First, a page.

I am all about giving respect where respect is due. As always, anniversaries are a great way to show respect. Baseball has never been one to shy away from commemorating something either big or small, or both. 2016 is the 30th anniversary of the last Mets World Series winner and the events marking that this year have been coming at fans both fast and furiously. The book arena has been no exception to these celebrations, and while we have covered several of these in previous posts, I think I have the last two out there this year that I am going to do. It is amazing how much time and money has been spent this year for this one and done World Series winner, but for me, it is time and I am ready to put this subject to bed. So without further ado, here are the final two books.
Originally released in 1995 One Pitch Away takes a unique look at all the post-season teams in 1986. You get perspectives from several key members who played for one of the four teams, which is a nice change, because most of these books about 1986 only cover the World Series teams. You get a real good feel as to what was going through the heads of those involved during this amazing post-season.
I first read this when it was released in 1995. My initial reaction then was the same as it is now. It gives great insight into the games from the players themselves and Sowell’s work comes through strong. The interviews seem well prepared for by both parties and is time well spent reading about the fab-four of the 1986 post-season.
If you are a fan of any of the teams involved check out this book, I don’t think you will be disappointed. You can get this book from the nice folks at Summer Game Books. One Pitch Away
The next book brings us to current times with the 2015 Mets. By winning the division last year the Mets re-captured the hearts of the New York faithful in the Big Apple. After a decade and a half or so of the Yankees being the toast of New York, it was nice to see the love spread around town.
Greg Prince who runs his own New York Mets blog, also has written about the Mets several times before. He has an intense love for his team and it shows in his writing. He takes a thorough look at the colorful cast of characters the Mets were able to put together for their improbable run in 2015. If you are a fan of the Mets it is a fun reflection on an improbable year. It is for sure a good read, but will probably be more enjoyable in 10 or 15 years when time has passed and the limelight has faded on this particular team. This is another book that is time well spent reading today, but as it ages will become even more valuable to certain fans. You can get this from the nice folks at Sports Publishing.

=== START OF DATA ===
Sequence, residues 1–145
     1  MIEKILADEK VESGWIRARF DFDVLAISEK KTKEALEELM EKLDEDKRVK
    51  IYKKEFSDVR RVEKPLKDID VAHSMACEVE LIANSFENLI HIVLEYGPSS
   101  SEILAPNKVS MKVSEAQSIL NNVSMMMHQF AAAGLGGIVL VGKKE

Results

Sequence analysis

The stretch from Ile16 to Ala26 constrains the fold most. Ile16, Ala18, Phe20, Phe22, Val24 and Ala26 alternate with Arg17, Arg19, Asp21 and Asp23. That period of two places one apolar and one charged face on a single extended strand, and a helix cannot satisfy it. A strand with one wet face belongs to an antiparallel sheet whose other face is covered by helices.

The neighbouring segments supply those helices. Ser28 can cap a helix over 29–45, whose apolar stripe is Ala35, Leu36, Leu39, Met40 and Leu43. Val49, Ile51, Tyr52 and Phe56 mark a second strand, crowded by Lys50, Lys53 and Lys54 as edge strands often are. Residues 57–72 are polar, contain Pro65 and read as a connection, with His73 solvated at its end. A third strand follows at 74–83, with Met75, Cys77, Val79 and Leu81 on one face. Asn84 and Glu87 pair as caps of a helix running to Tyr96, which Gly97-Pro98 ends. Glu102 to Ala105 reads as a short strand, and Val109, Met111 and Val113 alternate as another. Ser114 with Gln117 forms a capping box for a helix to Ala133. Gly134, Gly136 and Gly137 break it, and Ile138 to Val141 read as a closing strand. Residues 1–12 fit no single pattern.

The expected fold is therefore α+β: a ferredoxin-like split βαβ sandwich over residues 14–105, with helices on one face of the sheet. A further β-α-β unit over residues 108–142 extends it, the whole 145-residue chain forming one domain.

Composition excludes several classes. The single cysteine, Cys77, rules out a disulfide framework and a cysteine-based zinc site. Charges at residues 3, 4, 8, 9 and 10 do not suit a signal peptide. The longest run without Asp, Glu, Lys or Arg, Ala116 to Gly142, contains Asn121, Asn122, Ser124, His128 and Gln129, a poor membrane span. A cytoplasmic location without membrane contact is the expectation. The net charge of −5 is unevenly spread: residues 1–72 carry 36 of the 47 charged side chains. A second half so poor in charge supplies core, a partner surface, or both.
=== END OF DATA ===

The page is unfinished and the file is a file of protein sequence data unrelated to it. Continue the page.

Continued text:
I will admit it, 2016 has been off to a somewhat slow start for me with baseball books. The books from publishers and authors have slowed down somewhat, so I just don’t have as many books to post as of late. One book that I am glad to say I still had in my arsenal was this one.
Every generation of baseball seems to have that one character that stands out above the others. Not necessarily for their skills on the field, but more for the character they are off of it. One of those larger than life characters was Bobo Newsom. Coming from very humble beginnings in South Carolina, he turned his baseball skills into his own little circus. Making stops in various cities around the league, some of those actually more than once or twice, he made the best of situations and created himself, the legend of Bobo.
Bobo is definitely an under-covered personality of the game. Perhaps it is because he passed away more than 50 years ago or perhaps the powers that be within the game want us to forget about him altogether. Whatever the reasons may be, it is important that we remember these types of people because these dedicated folks are what the game is built on. Guys like Bobo and Boots Poffenberger need to be remembered for their contributions to the game and not lost to the passage of time.
Jim McConnell has done an awesome job of bringing Ol’ Bobo back to life. For generations that may have missed him, this book takes you back to the time when Bobo reigned over baseball, to the delight of many and maybe not so much to others. His career and personal life are both covered in this book and it paints a complete picture of someone we honestly don’t get to read that much about. I had trouble putting this one down because he played in so many decades that he kept crossing paths with some of the games greats and it kept the story moving along at a brisk pace. His larger than life personality also made it a very interesting book and kept the reader involved the entire time.
Baseball fans should pick this one up, because it will appeal to fans of the game. If you are a fan of a specific teams, there is a pretty good shot Bobo played for your team at one time or another way back when, so it should have some appeal there as well. In all honesty, there is a great story in this book about one of the games most interesting personalities. This book is a great tool to teach the future generations of fans about the legend of Bobo Newsom.